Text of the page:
The CSPA Age
How do you determine the CSPA age? Let us also say that you were born on January 1, 1988. You are already 21 years, 1 month old as of February 1, 2009. Ordinarily, you have aged-out. But when you checked the files, you discovered that it took the USCIS 3 months to approve your grandfather’s I-130 petition. It was filed on June 1, 1991 (received by USCIS on same date) and was not approved by the USCIS until September 1, 1991. The 3 months will be deducted from your age, so your CSPA age will be 20 years and 10 months only. Moreover, it will not matter if the interview takes place in June 2009. Your CSPA age will still be 20 years and 10 months.
The second condition is that you must have sought to acquire an immigrant status within one year from visa availability. This condition is difficult to satisfy because either there was no CSPA yet (prior to 2002) or very few people (including immigration attorneys) understood the intricacies of the CSPA. For example, a child left behind in 2001 will have no way of applying for an immigrant visa within one year because that relief was not available for him at that time.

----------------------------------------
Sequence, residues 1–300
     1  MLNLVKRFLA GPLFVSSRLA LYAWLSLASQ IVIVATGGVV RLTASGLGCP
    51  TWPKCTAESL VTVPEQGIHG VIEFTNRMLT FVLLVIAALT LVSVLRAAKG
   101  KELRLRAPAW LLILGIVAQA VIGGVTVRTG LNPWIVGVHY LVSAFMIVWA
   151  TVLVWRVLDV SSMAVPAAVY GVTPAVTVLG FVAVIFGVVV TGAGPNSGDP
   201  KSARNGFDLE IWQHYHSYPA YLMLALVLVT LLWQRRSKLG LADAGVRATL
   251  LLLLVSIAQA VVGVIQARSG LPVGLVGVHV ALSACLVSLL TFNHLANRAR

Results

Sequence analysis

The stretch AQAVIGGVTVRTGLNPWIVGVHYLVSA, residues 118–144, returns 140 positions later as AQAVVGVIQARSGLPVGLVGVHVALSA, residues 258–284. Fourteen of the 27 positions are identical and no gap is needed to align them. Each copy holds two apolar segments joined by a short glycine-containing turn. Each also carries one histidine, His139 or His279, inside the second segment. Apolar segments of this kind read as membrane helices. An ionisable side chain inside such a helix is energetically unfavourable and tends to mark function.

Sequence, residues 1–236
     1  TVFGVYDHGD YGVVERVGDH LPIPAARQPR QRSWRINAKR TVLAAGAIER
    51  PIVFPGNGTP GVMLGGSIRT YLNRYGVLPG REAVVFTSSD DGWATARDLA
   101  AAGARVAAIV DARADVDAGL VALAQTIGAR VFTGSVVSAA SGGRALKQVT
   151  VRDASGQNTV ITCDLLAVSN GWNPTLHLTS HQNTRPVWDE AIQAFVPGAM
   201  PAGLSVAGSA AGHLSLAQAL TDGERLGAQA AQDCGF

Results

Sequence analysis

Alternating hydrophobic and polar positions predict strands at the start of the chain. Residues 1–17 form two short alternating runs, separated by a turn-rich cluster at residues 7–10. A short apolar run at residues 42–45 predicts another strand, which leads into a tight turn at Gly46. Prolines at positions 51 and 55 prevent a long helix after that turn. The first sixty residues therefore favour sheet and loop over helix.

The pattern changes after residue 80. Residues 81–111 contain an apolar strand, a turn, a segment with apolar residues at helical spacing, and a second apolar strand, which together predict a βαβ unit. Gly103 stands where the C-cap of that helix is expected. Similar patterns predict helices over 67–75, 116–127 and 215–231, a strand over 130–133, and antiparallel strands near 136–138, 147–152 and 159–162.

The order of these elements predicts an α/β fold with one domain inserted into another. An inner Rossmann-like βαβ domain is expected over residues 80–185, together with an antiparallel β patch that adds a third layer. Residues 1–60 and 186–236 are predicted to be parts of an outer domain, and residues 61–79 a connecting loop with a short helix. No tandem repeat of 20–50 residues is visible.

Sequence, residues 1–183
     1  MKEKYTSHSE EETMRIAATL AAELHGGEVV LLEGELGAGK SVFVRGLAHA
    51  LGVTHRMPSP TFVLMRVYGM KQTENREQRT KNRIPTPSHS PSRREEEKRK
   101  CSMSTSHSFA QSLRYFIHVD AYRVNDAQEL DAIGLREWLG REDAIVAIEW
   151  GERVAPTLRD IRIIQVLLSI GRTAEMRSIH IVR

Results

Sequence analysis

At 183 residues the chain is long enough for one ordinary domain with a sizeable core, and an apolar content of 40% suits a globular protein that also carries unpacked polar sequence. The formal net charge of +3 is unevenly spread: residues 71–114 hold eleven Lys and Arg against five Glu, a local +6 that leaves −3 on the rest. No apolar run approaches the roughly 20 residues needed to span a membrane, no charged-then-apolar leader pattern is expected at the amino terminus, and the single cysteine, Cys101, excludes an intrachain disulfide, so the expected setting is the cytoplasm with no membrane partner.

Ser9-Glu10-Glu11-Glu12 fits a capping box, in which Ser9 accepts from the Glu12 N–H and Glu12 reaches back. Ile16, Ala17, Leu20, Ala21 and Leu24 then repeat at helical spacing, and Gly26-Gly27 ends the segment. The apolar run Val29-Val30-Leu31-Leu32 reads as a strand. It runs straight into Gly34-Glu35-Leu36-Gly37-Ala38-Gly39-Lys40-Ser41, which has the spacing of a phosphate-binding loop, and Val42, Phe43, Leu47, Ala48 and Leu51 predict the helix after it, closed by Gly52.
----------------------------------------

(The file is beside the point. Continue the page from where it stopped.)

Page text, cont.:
Recently, the USCIS issued a Memo which seems to do away with the one-year requirement for those whose visas became available on or after August 7, 2001. Under this revised memo, aged-out children whose parents got their immigrant visas on or after August 7, 2001 may still have their age frozen under the CSPA even if they fail seek to acquire immigrant status within one year.
Using the Original Priority Date
But what if, after making all these computations, your age is still over 21? Well, there is still hope. The CSPA also says that “If the age of an alien is determined under paragraph (1) to be 21 years of age or older for the purposes of subsections (a)(4) and (d), the alien’s petition shall automatically be converted to the appropriate category and the alien shall retain the original priority date issued upon receipt of the original petition.''